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Dynamics, genomics and functional significance of uncultured marine Stramenopiles

Final Report Summary - DYGEMAST (Dynamics, genomics and functional significance of uncultured marine Stramenopiles)

The major role of microbes and in particular marine picoeukaryotes (cells ≤3 μm) in global biogeochemical cycles and their crucial importance in aquatic ecosystems are now clearly recognized. Despite the enormous importance of the microbial compartment, the knowledge on their diversity, their abundance (notably in terms of spatial and temporal dynamics) and their respective functional role on Earth are still limited, even if the recent molecular revolution over the last fifteen years has partially contributed to fill these gaps. The outgoing project “DYGEMAST” aimed to pursue the acquisition of knowledge about the dynamics of abundance and functional role of one of the most important lineages of the picoeukaryotic community, the Marine Stramenopiles (MASTs). Constituted by 18 discrete groups, MASTs appear to have a widespread distribution and to be, sometimes, in high abundance, suggesting that this may be one of the most abundant component of heterotrophic picoeukaryotes in the oceans. However, the number of quantified samples is still limited and, consequently, we only have a partial view of their current temporal and spatial distribution in worldwide marine systems. Furthermore, most picoeukaryotes have escaped cultivation so far, yielding impossible the access to their genomes, which would get us better insights into the metabolic pathways/functions of these uncultured flagellates and understand their ecological success.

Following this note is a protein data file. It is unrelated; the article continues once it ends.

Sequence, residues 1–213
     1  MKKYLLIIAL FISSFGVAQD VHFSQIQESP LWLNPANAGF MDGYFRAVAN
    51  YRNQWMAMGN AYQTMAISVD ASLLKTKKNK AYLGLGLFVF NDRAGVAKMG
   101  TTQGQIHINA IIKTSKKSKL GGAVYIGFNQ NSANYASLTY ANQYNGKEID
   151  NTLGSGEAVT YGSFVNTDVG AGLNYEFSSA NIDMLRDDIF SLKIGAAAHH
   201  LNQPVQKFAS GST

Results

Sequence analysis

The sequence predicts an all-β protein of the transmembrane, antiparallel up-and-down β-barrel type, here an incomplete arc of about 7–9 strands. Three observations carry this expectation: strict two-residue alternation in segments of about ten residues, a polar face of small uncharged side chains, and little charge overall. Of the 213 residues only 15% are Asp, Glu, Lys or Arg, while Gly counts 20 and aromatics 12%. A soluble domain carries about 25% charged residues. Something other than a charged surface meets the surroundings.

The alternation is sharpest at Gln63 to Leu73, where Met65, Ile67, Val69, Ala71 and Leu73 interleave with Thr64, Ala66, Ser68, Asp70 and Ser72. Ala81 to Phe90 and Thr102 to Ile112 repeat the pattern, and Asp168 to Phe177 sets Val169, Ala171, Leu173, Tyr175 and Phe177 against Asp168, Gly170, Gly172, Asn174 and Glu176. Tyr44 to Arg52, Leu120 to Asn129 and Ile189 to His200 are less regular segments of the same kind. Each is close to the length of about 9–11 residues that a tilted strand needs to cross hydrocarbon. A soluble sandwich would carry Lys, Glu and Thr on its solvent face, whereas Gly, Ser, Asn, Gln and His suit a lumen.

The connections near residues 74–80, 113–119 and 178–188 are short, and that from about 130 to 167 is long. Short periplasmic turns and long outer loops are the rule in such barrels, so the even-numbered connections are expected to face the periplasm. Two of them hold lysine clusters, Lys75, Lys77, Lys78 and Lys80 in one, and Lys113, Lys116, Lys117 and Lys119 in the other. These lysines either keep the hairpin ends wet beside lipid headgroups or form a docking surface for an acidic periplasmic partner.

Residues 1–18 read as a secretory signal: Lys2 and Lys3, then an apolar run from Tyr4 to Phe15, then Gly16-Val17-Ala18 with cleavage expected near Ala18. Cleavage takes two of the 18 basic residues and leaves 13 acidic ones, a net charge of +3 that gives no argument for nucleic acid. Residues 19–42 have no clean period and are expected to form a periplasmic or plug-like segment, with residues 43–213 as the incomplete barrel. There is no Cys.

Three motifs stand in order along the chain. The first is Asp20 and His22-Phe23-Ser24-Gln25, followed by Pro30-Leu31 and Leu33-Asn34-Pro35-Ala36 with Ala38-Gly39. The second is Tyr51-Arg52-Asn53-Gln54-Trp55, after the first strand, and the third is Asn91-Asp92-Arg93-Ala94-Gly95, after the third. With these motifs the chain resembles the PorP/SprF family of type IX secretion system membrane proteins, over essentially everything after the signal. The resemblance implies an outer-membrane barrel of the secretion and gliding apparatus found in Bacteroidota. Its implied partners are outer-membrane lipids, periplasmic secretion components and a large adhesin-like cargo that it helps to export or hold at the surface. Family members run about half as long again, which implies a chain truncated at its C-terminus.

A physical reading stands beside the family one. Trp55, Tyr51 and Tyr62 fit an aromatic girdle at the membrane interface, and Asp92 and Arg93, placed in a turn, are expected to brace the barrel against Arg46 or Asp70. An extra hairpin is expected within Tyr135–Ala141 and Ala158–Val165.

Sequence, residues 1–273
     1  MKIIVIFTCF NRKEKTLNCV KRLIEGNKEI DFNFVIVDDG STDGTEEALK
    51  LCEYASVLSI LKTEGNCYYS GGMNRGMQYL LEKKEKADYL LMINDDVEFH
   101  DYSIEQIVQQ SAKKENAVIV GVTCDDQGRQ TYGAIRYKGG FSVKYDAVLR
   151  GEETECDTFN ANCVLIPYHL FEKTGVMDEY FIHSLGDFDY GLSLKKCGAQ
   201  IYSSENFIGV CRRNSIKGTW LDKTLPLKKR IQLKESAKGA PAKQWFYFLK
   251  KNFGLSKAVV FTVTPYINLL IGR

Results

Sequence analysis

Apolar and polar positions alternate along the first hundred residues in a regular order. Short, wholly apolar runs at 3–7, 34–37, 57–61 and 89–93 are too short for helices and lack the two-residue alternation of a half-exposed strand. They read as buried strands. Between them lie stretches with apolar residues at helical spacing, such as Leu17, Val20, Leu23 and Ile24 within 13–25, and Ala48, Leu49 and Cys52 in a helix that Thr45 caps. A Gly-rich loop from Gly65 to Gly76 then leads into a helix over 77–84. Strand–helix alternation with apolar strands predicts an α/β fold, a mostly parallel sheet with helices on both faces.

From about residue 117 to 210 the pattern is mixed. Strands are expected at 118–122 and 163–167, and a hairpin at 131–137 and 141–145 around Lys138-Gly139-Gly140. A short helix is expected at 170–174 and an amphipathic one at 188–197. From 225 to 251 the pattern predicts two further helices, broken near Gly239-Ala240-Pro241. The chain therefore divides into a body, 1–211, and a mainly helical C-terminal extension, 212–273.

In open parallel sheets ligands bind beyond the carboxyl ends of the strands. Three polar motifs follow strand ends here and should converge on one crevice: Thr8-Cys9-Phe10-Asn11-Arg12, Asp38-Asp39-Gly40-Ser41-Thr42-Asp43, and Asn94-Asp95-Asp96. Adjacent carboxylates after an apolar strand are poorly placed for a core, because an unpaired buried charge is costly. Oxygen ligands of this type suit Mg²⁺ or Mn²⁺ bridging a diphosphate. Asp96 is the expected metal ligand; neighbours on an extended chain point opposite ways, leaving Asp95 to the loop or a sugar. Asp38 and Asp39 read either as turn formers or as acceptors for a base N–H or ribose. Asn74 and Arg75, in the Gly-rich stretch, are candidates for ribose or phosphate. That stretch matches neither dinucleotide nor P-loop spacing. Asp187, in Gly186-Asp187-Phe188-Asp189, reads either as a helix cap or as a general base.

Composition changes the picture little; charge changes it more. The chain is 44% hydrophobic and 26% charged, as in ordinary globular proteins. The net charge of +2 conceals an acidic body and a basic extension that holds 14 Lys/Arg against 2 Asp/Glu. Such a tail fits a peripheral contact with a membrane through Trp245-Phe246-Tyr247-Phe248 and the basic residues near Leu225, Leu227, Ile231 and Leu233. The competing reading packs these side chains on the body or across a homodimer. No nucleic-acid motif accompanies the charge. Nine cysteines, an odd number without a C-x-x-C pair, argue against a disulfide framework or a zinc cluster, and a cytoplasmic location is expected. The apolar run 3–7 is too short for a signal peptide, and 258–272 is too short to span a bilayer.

In the present project, two axes of research were developed to deepen our knowledge on marine stramenopiles. A first axis was the study of the quantitative dynamics of several MASTs lineages in marine systems. Prior to this, Dr. Jean-François Mangot (J-FM) has optimized an automatic picoeukaryotic cell counting approach by epifluorescence microscopy. Firstly developed for the counting of prokaryotic cells, this approach has been tested and applied on two MAST lineages differing in their cell size (MAST-4 and MAST-1C) in order to facilitate their application and generalisation to other microeukaryotes. At the end of the project, this approach is now mastered and allows an accurate estimation of densities of contrasting cell-size picoeukaryotes in a wide range of samples. Furthermore, our automatic cell counting approach offers the benefit of processing a larger number of fields of view and therefore provides a better estimate of cell abundance. During the second year of the project, J-FM has further applied this automatic cell enumeration system on a spatial survey with a wide geographical coverage. About 129 stations from the Malaspina circumglobal expedition were analysed and the vertical (surface and Deep Chlorophyll Maximum [DCM] depths) and spatial distribution of the two above-mentioned MAST groups were depicted together with a third one, MAST-7, in relation with environmental factors to have access to their ecology. In general, contrasting abundances among the different targeted MASTs lineages were observed with notably highest densities in surface samples taken near the coasts and in low latitudes (near the equator). Open questions regarding both the patterns that govern their distribution and their possible biogeography arise from this study.